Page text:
Despite the large cast of characters, the movie moves along at a brisk pace as the crime and its aftermath of greed unfold and Russ finds himself in a place, among ruthless people, that he just wants out of. Travolta, who seems to be beefing up to Marlon Brando proportions, plays Russ Richards with a mix of confidence of a big fish in the small pond of Harrisburg TV and fear of losing everything when his plans backfire. He's fine while in control of things, but breaks down quickly when they go to hell in a hand basket. Travolta is the straight man of the cast, but gets good moments as he tries, and repeatedly fails, to get out of his predicament.
The rest of the cast ably handles their various tasks. Kudrow plays completely out of her usual ditzy characters as the hard-bitten, greedy Lotto babe who thinks nothing of using her body to get what she wants. It's a different kind of roll for Kudrow, though not one I necessarily liked - Crystal may be good looking, but she is no Mother Theresa. Tim Roth and Ed O'Neill lend their professionalism to their perfs as Gig and Dick. The real comic relief, though, comes from Michael Rapaport and Bill Pullman. Rapaport's Dale is over-the-top crazy as a very loose canon. Dale, and his World Series commemorative baseball bat, does drastic damage to the various players. He's all hopped up on wine coolers and anti-depressants and will not take "no" for an answer. He's also not very bright as he tries to get rid of Jerry the bookie by taping a small brick to his wrist and dumps the body in the river. Pullman has some goofy fun as the inept cop who unwittingly breaks the case.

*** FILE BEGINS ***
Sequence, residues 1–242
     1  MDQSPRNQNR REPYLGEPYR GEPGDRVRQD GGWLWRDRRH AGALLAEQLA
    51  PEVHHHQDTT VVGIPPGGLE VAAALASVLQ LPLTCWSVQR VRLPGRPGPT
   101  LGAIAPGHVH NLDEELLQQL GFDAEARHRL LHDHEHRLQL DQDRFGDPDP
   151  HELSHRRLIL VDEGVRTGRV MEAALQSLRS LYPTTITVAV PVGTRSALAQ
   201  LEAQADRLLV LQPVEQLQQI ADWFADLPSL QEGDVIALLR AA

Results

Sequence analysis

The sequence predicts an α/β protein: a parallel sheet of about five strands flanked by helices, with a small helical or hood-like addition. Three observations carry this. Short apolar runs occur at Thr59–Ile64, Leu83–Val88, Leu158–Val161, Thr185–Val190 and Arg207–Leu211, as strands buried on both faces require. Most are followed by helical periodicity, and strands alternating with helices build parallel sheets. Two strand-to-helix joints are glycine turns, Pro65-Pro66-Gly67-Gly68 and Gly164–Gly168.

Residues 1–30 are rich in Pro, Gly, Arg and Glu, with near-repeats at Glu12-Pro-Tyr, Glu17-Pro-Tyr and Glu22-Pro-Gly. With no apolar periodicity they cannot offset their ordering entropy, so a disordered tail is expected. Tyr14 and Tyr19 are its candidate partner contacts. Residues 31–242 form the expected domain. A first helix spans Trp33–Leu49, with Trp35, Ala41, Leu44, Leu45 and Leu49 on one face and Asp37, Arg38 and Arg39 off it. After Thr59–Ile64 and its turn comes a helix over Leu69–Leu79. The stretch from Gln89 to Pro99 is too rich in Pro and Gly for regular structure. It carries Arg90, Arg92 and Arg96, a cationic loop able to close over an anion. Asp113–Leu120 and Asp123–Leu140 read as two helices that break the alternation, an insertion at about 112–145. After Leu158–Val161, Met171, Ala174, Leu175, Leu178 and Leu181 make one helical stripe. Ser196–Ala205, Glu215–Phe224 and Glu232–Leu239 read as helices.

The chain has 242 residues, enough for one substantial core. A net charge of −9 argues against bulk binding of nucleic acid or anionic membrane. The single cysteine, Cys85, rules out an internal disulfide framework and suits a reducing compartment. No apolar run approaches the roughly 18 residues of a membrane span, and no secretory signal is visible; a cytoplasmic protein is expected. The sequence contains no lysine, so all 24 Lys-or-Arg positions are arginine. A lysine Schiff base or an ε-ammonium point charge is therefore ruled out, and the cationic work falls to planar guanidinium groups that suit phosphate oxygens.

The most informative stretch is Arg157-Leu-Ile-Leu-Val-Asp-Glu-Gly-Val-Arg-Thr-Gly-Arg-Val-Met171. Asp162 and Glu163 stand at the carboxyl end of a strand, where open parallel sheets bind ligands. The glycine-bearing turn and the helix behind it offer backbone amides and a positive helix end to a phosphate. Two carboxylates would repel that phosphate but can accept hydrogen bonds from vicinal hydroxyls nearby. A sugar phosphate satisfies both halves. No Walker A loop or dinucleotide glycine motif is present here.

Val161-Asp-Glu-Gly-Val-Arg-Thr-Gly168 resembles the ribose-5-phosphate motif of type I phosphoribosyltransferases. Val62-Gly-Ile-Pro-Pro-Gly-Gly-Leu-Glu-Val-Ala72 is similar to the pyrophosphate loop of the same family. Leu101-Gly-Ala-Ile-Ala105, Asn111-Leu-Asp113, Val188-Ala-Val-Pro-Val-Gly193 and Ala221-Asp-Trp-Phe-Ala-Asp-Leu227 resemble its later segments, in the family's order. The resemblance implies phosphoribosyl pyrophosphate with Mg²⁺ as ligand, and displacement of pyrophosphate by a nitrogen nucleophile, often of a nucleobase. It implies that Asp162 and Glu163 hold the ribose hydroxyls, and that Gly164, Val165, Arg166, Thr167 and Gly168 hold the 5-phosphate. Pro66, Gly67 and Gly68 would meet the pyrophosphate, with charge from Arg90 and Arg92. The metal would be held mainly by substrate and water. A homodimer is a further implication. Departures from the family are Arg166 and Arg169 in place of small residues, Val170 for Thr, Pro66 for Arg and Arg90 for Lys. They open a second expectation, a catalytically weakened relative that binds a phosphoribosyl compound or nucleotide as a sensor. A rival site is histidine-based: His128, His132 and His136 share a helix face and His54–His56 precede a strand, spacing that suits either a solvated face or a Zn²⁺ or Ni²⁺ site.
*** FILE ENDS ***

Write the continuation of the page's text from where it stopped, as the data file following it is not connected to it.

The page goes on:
I have never been a fan of Nora Ephron's film work, but I have to admit that the lady does surround herself with top-notch talent behind the camera. The capable and varied lensing by John Lindley ("Pleasantville") gives the film a crisp look. Production designer Dan Davis, a three-time Ephron collaborator, catches the 80's feel, though that period is less distinctive than the 60's and 70's. Other tech tasks are also well handled.
"Lucky Numbers" isn't hurt by the formula story and benefits greatly from the talented cast. There is ample humor, though little suspense. Nora Ephron proves herself a competent filmmaker and takes on the crime caper with professional ability. It's not as wild and wacky as "The Hot Rock" (a film I highly recommend), but it has its moments and its laughs. I had a good time and give it a B-.